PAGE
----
How to become a Radio Amateur in the UK

Kenwood TMV-71E

How do I become a radio amateur?
The best way to start is by listening to other amateurs on any of the amateur bands—frequencies reserved for use by radio amateurs. Try 3.5MHz upwards, or 7MHz upwards for starters. There are ways of doing this even if you have no receiving equipment—see below. Listen to what’s being said, listen to how it’s done and imagine yourself in that place.
For a full list of amateur frequencies in the UK see Band Plans and Information.
If you like what you hear, and would like to become a member of of that community, then you can join the RSGB (Radio Society of Great Britain) as a listener, and receive the monthly magazine RadCom, which keeps you abreast of what’s happening in the world of amateur radio and is full of ideas, tips and useful information. You can then start thinking about getting a licence yourself. It’s easy, and you will find lots of other amateurs only too willing to help you on your way—that’s part of the ethos of being a radio amateur. You can find out more about getting a transmitting licence in the FAQs to follow or by visiting Training.

Paul Leicester | MØFOX | Chesterfield UK | IO93HE | Icom IC-7300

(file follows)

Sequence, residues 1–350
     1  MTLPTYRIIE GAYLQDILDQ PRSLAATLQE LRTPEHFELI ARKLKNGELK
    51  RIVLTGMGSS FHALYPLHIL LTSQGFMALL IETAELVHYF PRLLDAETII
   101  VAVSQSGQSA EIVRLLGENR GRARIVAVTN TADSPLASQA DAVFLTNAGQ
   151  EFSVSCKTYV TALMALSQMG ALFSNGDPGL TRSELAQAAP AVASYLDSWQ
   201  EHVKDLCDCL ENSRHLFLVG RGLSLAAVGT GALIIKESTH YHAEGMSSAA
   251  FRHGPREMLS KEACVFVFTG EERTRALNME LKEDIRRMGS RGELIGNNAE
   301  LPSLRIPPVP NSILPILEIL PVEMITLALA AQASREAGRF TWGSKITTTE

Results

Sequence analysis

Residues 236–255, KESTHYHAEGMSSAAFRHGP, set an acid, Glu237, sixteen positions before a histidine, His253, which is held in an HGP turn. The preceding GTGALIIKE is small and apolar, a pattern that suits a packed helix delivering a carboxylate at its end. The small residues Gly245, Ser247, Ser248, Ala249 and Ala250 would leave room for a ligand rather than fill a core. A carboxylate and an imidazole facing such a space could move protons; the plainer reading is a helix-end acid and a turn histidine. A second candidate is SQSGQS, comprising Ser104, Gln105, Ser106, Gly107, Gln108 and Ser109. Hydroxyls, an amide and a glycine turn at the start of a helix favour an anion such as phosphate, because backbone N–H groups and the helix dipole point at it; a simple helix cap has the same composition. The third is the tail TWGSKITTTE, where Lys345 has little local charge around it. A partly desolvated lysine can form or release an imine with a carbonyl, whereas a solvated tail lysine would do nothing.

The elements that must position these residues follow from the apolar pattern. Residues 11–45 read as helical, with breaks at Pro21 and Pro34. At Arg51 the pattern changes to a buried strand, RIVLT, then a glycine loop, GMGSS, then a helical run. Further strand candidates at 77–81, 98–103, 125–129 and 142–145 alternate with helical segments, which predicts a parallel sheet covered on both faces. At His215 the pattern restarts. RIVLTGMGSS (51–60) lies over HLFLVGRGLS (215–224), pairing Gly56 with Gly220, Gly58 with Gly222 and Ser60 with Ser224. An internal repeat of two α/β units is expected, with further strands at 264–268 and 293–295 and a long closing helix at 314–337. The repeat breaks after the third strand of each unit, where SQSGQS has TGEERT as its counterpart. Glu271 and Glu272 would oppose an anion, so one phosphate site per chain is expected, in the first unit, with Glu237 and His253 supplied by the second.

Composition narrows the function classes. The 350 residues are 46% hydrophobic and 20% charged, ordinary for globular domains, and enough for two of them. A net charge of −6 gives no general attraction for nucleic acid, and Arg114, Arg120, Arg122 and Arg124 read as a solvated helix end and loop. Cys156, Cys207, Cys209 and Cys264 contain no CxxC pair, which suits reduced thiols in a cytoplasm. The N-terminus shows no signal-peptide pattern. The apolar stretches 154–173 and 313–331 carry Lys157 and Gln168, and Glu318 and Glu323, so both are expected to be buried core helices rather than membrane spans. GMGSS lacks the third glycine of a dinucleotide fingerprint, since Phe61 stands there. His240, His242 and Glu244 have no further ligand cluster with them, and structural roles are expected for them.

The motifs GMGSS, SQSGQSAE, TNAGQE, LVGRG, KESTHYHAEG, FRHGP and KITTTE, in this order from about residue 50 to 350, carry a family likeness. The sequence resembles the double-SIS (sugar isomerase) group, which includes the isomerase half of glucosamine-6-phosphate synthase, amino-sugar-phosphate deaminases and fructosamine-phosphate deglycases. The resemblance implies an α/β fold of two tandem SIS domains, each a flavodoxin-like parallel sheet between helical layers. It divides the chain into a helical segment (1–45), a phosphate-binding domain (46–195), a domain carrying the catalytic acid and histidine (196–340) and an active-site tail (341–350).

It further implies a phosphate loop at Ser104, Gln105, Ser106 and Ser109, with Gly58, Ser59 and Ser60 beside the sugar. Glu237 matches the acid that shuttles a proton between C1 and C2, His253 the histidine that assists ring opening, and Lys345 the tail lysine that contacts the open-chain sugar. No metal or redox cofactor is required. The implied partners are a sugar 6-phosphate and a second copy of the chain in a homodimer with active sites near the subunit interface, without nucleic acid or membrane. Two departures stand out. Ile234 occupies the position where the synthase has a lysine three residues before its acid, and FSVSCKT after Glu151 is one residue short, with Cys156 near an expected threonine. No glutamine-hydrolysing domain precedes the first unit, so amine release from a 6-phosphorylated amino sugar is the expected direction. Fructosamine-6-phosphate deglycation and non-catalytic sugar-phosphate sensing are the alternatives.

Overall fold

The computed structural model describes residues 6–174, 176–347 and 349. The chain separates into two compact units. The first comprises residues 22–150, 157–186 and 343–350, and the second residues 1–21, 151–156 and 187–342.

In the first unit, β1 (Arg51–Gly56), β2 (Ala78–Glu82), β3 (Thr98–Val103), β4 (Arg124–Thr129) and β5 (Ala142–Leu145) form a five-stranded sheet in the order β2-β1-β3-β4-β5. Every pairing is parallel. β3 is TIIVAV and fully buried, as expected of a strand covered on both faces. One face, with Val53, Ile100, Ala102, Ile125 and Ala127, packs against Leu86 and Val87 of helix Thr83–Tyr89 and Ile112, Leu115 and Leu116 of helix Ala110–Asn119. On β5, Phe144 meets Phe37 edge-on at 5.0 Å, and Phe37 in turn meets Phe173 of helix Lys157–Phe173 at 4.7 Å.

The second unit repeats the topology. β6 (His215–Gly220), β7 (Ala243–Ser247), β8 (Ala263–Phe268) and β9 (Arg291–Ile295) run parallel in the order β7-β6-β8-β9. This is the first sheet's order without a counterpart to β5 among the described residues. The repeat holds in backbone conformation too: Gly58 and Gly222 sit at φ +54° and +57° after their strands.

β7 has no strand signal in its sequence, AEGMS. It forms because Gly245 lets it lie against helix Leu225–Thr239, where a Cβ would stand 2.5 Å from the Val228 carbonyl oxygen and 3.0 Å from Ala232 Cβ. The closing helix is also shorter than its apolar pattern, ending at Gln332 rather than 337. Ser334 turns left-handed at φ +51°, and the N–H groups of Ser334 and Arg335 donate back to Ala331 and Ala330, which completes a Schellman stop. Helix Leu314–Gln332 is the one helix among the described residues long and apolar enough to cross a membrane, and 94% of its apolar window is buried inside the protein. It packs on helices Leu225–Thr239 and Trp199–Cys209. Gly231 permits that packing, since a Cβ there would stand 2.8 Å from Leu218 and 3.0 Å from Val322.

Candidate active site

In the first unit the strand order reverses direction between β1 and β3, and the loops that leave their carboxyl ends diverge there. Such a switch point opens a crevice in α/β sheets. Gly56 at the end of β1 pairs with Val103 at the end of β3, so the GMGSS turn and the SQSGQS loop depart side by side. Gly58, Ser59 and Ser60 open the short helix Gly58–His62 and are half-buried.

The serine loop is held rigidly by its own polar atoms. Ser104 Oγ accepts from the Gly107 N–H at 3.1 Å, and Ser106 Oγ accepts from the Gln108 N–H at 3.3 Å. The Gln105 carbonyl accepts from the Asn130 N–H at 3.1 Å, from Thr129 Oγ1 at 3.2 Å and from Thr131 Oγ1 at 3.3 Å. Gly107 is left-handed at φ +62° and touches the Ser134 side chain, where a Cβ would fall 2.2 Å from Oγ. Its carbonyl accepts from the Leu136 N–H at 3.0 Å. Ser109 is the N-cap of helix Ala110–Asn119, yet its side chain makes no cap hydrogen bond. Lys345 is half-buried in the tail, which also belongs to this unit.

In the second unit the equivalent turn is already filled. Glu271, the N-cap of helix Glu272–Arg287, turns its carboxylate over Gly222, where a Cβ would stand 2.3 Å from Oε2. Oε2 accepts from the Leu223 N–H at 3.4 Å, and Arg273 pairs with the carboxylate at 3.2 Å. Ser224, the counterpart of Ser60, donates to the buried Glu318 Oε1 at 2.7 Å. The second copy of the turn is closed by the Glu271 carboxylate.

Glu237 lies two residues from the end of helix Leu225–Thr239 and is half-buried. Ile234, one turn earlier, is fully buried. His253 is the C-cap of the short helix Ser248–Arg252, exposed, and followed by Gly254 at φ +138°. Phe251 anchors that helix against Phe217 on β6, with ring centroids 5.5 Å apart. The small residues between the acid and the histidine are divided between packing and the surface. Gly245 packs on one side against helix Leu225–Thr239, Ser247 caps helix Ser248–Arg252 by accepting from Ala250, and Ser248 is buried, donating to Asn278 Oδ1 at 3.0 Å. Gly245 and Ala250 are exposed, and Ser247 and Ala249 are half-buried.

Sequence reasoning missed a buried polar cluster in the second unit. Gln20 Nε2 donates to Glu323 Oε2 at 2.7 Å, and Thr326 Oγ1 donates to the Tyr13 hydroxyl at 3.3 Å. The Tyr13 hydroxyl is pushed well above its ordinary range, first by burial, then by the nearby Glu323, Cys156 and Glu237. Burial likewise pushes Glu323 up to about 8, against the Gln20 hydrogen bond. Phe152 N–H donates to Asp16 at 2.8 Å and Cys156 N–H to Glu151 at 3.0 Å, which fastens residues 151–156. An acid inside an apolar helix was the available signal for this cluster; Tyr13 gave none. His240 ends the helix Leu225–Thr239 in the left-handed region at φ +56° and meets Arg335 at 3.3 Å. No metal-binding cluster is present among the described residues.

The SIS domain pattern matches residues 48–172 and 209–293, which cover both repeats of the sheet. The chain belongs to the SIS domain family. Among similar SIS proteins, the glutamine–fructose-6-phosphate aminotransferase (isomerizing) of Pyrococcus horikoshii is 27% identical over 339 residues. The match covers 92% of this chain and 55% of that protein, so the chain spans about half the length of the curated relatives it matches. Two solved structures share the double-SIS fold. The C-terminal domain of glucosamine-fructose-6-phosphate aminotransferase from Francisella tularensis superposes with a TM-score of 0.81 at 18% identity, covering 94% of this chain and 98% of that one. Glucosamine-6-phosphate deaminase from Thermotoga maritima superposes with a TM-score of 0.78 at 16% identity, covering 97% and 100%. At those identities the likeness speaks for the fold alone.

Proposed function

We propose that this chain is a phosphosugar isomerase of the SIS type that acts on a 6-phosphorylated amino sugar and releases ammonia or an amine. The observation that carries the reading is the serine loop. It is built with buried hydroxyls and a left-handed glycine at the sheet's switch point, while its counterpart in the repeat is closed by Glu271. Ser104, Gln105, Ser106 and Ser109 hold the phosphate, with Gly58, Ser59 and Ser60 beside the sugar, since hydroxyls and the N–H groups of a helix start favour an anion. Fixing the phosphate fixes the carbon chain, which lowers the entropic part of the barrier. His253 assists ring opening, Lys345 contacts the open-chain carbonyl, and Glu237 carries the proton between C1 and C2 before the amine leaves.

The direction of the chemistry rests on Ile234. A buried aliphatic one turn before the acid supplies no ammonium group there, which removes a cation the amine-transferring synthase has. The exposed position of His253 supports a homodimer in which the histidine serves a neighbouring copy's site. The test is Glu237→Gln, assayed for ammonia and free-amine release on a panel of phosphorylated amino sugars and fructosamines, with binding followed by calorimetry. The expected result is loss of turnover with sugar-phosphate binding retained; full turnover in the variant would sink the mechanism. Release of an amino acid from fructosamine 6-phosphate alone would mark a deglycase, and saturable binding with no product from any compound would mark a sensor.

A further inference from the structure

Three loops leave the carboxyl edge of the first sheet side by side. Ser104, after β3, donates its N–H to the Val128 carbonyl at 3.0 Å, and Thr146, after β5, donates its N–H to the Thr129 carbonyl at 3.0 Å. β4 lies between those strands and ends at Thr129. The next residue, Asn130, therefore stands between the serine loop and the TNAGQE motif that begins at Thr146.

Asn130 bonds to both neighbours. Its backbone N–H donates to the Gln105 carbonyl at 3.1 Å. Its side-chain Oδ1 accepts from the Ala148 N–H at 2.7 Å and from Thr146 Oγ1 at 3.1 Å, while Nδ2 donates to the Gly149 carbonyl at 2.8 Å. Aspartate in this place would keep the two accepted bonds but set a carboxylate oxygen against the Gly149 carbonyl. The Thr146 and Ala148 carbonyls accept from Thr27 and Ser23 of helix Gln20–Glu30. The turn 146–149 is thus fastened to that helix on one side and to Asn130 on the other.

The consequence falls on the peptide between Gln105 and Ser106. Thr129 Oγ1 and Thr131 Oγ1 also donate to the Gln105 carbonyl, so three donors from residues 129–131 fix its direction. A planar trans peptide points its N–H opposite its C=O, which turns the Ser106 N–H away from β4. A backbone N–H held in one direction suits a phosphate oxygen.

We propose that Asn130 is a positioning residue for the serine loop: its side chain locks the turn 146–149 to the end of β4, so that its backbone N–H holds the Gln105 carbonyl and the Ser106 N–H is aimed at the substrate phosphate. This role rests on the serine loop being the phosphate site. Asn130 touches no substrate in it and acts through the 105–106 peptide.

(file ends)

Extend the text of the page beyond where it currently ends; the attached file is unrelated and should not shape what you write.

American Radio Relay League (ARRL)

ARRL logo type_17_6The American Radio Relay League (ARRL) is the largest membership association of amateur radio enthusiasts in the USA. ARRL is a non-profit organization, and was founded in 6th April 1914 by Hiram Percy Maxim of Hartford, Connecticut. The ARRL represents the interests of amateur radio operators before federal regulatory bodies, provides technical advice and assistance to amateur radio enthusiasts, supports a number of educational programs and sponsors emergency communications service throughout the country. The ARRL has approximately 154,000 members. In addition to members in the US, the organization claims over 7,000 members in other countries. The ARRL publishes many books and a monthly membership journal called QST. The ARRL held its Centennial Convention in Hartford, Connecticut in July 2014.

The ARRL is the primary representative organization of amateur radio operators to the US government. It performs this function by lobbying the US Congress and the Federal Communications Commission. The ARRL is also the international secretariat of the International Amateur Radio Union, which performs a similar role internationally, advocating for amateur radio interests before the International Telecommunications Union and the World Administrative Radio Conferences.

The organization is governed by a member-elected, volunteer Board of Directors. Each director serves a three-year term and represents the members within their particular region of the country. The national headquarters facilities are located in Newington, Connecticut. Along with the administrative headquarters, the 7-acre (2.8 ha) site is home to amateur radio station W1AW. The ARRL Field Organization carries out local and regional activities across the United States.

Paul Leicester | MØFOX | Chesterfield UK | IO93HE | Icom IC-7300